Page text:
1. Through the Clay County School Syndromic Surveillance System, we seek to support the monitoring of the burden of diseases on the population, and to help in timely detection of any unusual occurrence or increase in selected symptoms of diseases mostly common in school-aged children. Information from the system is used to supplement other information available to the local health system and to implement immediate control measures when necessary to contain and prevent further spread of the disease/condition and possible outbreak. Surveillance helps achieve several public health functions including case/outbreak detection, public health interventions, assessing the distribution and spread of illness, hypothesis generation, and planning guidance.The specific goals and objectives of our practice are as follows: Achieve a minimum of a 70% response rate (percentages of schools who submit a reporting form) each week of school syndromic surveillance. Conduct and complete reports all weeks school is in session. We aim for 90% of reports to be released on or before each Friday school is in session. Twice per school year (near the end of each semester) conduct a qualitative assessment of all users who participate in the system and/or read the weekly reports. 2. In an effort to better detect clusters of diseases and prevent outbreaks, Clay County Public Health Center improved its school syndromic surveillance system in place since 2007 to the more automated School Syndromic Surveillance System in 2010. The system was implemented in order to supplement the passive communicable disease surveillance system. In a metropolitan area of Clay County, Missouri, it was not feasible to accept traditional faxed information on a weekly basis. Submission of information electronically allows large amounts of data to be collected analyzed easily and frequently. To achieve the goals and objectives of the practice, we have a written standard operating procedure that outlines the processes and methods of the system. 2a. School district coordinators were already familiar with syndromic reporting when we upgraded the system in 2010. The steps taken to implement the program involved training the users on how to work with the new form. Each year Clay County Public Health Center pilots the reporting document within the health center and the school district health coordinators. 3. We chose to include only the major public school districts K-12 grade. Private school districts, very small school districts (less than 20 students), and daycares are not included in school syndromic surveillance. 4.The timeframe for the practice is August to May of each school year. The current system was implemented in the 2010-2011 school year. 5.The Clay County school district coordinators are involved each year with the planning and implementation of data collection. The coordinators provide feedback on suggested changes. Depending on the school, individual school nurses, and school health aides are also directly involved.5.a. A majority of the communication takes place through e-mails. We meet as a group two to three times each year through the Public Health Partnership meetings, which is a collaboration between the Clay County Public Health Center and other partners in the local public health system. This relationship furthers the practice goals by keeping the partnership focus to maintaining, fostering, and promoting the health of citizens of Clay County. Typically syndromic surveillance involves a few sites that collect information. The school district health coordinators saw enough value in the system to have all schools report on a regular basis rather than a sample. A secondary benefit to the school syndromic surveillance system is the open line of communication between Clay County Public Health Center and Participating School Districts. The regular communication and feedback has built trust in the recommendations from the local public health agency. The partnership of Clay County Public Health Center and the Clay County Public School Districts is stronger because of the School Syndromic Surveillance System. 6. Costs associated with this practice are the staff time of the epidemiology specialist to update documents on an annual basis and the up-front software costs (current cost of Adobe Acrobat X Pro is $278; Microsoft Excel 2007 is $99.69. There are no ongoing support costs). The schools do not incur extra out-of-pocket costs for participating in the system, only staff time to fill out the reporting forms.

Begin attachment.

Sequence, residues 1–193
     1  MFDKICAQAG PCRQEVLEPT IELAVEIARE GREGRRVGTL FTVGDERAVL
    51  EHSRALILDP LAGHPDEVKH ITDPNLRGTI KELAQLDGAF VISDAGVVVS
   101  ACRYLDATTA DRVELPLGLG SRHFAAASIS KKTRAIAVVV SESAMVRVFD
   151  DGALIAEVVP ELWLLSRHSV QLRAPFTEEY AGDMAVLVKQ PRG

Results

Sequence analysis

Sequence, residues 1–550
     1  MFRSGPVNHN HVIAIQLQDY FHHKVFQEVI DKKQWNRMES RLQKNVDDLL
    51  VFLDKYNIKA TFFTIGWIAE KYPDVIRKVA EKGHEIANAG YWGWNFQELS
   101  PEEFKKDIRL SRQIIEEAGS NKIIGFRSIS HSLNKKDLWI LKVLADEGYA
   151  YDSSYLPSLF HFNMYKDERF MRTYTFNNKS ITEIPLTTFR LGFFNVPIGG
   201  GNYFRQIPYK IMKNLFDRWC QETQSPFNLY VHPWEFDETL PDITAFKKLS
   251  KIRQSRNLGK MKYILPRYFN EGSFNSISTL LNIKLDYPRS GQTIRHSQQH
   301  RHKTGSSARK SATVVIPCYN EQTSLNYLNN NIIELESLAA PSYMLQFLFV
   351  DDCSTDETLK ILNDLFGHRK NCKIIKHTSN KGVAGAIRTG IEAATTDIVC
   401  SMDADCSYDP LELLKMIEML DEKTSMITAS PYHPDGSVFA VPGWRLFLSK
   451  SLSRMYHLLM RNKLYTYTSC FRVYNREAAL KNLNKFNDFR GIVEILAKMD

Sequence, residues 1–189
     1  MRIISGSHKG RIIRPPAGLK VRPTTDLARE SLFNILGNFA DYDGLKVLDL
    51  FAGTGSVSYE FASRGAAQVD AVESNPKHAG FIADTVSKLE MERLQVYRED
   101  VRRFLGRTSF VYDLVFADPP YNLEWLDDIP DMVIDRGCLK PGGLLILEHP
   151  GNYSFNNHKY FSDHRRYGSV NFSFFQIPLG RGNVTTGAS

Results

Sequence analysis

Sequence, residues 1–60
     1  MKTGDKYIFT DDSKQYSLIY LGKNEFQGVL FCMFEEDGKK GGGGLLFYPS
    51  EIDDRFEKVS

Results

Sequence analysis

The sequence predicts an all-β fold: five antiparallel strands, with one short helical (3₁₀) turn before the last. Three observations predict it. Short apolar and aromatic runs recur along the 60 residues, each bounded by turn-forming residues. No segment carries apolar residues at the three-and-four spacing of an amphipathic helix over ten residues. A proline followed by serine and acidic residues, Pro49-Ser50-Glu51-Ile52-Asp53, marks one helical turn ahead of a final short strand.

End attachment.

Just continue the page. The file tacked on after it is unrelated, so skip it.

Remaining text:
1.Through the Clay County School Syndromic Surveillance System, we seek to support the monitoring of the burden of diseases on the population, and to help in timely detection of any unusual occurrence or increase in selected symptoms of diseases mostly common in school-aged children. Information from the system is used to supplement other information available to the local health system and to implement immediate control measures when necessary to contain and prevent further spread of the disease/condition and possible outbreak. Surveillance helps achieve several public health functions including case/outbreak detection, public health interventions, assessing the distribution and spread of illness, hypothesis generation, and planning guidance. It is difficult to measure what, if any, specific outbreaks could have been found sooner with the use of the School Syndromic Surveillance System. However, there have been no official outbreaks discovered early through data from the School Syndromic Surveillance.Achieve a minimum of a 70% response rate (percentages of schools who submit a reporting form) each week of school syndromic surveillance. Every week we monitor the percentage of schools who return their forms and we achieve an 85%-95% response rate. Conduct and complete reports all weeks school is in session. We aim for 90% of reports to be released on or before each Friday school is in session. We consistently meet the goal of releasing the weekly reports every week of the school year. Typically reports are released on Wednesdays or Thursdays each week. Twice per school year (near the end of each semester) conduct a qualitative assessment of all users who participate in the system and/or read the weekly reports. Presently we do not have any way to evaluate the outcomes of our practice (early identification of disease clusters and outbreaks. 2. We evaluate the practice twice per year through a user survey that assesses the quality and usefulness of the system. We do not currently have a system in place that evaluates outcomes. 3.a. All of the data Clay County Public Health Center collects through the School Syndromic Surveillance System is primary data. Data are collected on a weekly basis through the adobe form submitted by email or a faxed version of the form. Clay County Public Health Center evaluates the practice through a user survey twice per year. A link to an online survey is mailed to all people who send the reports. 2.b. We do not use secondary data sources to evaluate our practice. 2.c.Maintain the use sentinel surveillance systems in collaboration with county partners to monitor the public's health. 2.d. We evaluate our processes through the percentage of schools who submit forms and the percentage of weeks where data are analyzed and reports are released. Biannual survey results are analyzed using frequency distributions and percentages. 2.e. From the biannual surveys we have adjusted length of the weekly reports (users stated they were too long) and adjusted our training program to meet user needs. Through user feedback, we decided to move up the due date of the form to allow for more timely turnaround of data. Additionally, we added a new symptom to the weekly reporting form that the stakeholders were interested in monitoring.
1. In practice, we have found it is useful to make the process as efficient as possible and to have more than one person at Clay County Public Health Center who is familiar with accepting the forms, analysis of data, and updating the weekly reports.It is difficult to assess the effectiveness of the surveillance system. Outbreaks are uncommon. No outbreaks have been detected earlier on using the school syndromic surveillance system, however based on relationship built with school health nurses we are assured that if they are aware of a confirmed communicable disease they would not wait to submit the report but call the office to discuss potential outbreaks.. 2.With partner collaboration, we have found it be most beneficial to involve stakeholders and frequently request their feedback. We show flexibility with schools and other partners by allowing multiple methods form submission and communication. This flexibility results in high return rates of forms and high levels of satisfaction with the system. The school health nurses have expressed appreciation for receiving information each week that analyzes syndromic information in the county’s schools. 3. This practice is an improvement over what Clay County Public Health Center had before. 4.No. 5.a.Buy-in from the school districts is vital to the sustainability of school syndromic surveillance. This system has maintained a reliable means of communication in both the communicable disease reporting, and in getting required recommendations and control measures to the schools in a timely manner when needed. After the H1N1 Influenza outbreak of 2009, the school districts have come to realize that this system is a vital tool in monitoring, and keeping track of such events. Districts are highly committed in having an on-going relationship with Clay County Public Health Center. Each school district superintendent and some of the nurse coordinators are also actively involved in the county public health emergency planning committee meetings. One Epidemiology Specialist devotes an average of 8 hours per week maintaining the system, collecting forms, cleaning data, and performing data analysis. More time is invested in the system where there is an indication of an unusual occurrence, questions from participants, or multiple schools using alternative methods of reporting (e.g. fax, phone). Additional time is needed for the initial set-up of the system and training of participants. The quality of the system is checked twice per year through surveys to collect user feedback. For stakeholders within the health center, there continues to be enough staff to maintain the system. Clay County Public Health Center has a written standard operating procedure that outlines the methods of the system so it may be continued if the current staff member who runs the system is no longer able to do so.